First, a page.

Can wine get so cold that it actually damages the wine? Tony Aspler answers that question for Decanter.
Ask Decanter: Can wine get too cold?
Richard Cross, from Bicester, Oxfordshire, asks: In the cold, dry winter of 2012 we had major house renovations which led to me moving my wine cabinet into an outhouse in which electricity had not yet been connected.
I put a small thermometer in the cabinet and recorded consistent temperatures below freezing, going down to -7°C. Can these conditions spoil the wine? I’ve opened many bottles since and haven’t found any faults yet.
Tony Aspler, for Decanter, replies: Before checking your wines, I’d check the accuracy of your thermometer. Wine begins to freeze at about -6°C (the higher the wine’s alcohol content, the lower the freezing point).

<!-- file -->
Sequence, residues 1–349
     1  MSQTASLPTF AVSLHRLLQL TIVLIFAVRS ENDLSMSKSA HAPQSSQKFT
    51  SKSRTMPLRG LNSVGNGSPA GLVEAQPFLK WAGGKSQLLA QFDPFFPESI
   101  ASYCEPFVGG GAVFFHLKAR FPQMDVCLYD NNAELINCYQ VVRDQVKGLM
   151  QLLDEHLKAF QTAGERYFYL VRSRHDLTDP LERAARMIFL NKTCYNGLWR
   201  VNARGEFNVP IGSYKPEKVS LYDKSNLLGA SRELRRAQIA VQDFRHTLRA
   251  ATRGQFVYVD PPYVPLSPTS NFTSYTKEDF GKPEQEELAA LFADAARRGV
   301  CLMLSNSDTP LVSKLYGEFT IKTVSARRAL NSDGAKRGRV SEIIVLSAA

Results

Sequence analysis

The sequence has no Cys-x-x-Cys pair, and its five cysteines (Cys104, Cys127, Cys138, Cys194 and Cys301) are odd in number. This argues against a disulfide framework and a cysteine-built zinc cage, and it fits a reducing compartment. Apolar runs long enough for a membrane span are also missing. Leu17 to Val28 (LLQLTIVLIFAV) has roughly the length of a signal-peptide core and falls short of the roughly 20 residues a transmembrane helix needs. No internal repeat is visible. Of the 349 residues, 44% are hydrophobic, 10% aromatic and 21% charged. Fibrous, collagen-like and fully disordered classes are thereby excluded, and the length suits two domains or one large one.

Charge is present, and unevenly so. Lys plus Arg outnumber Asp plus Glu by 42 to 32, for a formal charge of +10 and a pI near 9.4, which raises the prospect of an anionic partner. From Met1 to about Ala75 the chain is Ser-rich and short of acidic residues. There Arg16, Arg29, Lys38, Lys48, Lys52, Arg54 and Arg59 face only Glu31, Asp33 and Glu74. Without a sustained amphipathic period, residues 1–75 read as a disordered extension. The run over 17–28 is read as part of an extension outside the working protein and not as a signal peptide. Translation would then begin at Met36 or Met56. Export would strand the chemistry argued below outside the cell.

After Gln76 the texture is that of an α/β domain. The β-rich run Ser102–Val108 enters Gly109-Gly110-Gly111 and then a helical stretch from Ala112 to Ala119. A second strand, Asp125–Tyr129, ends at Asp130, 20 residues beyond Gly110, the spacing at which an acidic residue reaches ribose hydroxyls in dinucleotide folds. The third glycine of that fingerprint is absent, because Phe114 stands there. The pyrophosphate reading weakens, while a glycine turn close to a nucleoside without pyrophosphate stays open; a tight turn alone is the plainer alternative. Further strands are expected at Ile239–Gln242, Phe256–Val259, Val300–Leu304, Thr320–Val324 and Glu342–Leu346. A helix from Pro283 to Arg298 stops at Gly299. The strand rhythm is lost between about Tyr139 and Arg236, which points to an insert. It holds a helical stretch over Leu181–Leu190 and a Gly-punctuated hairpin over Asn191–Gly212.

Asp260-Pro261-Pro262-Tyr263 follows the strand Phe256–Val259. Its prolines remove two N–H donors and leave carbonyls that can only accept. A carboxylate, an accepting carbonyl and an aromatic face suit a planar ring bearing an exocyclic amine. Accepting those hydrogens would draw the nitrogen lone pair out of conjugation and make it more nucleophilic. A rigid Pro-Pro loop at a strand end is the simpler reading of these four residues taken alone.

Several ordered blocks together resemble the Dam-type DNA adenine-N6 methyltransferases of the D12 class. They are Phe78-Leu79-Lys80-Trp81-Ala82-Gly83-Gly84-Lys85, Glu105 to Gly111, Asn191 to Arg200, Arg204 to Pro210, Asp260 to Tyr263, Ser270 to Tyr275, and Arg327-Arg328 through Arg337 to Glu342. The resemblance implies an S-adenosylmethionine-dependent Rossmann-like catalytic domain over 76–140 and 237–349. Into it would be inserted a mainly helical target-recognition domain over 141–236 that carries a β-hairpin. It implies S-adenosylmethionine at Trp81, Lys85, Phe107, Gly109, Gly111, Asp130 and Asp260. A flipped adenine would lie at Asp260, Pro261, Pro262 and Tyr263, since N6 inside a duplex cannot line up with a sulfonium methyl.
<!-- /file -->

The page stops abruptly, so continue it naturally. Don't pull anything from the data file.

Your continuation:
If ice forms in the bottle, the pressure through expansion will push the cork above the lip of the neck. In extreme cases this could break the hermetic seal, cause leakage and allow air in, which will oxidise the wine.
Inspect the capsules of your wines for bulging and wetness; if they look flat and dry you won’t have a problem. (Even though grapes for Canadian icewine have to be picked at -8°C, the finished wine is not impervious to freezing if temperatures are cold enough!)
Tony Aspler is is the Decanter World Wine Awards Regional Chair for Canada
Read more notes and queries every month in Decanter magazine. Subscribe to the latest issue here
Got a question for Decanter’s experts? Email us: email@example.com
White Burgundy and burning match smell is ‘not a fault’ – ask Decanter
Jasper Morris MW explains what is happening...
Are notes of vanilla a sign of American oak? – Ask Decanter
Is this true that vanilla notes in a wine are a sign it has been aged in American oak? Sarah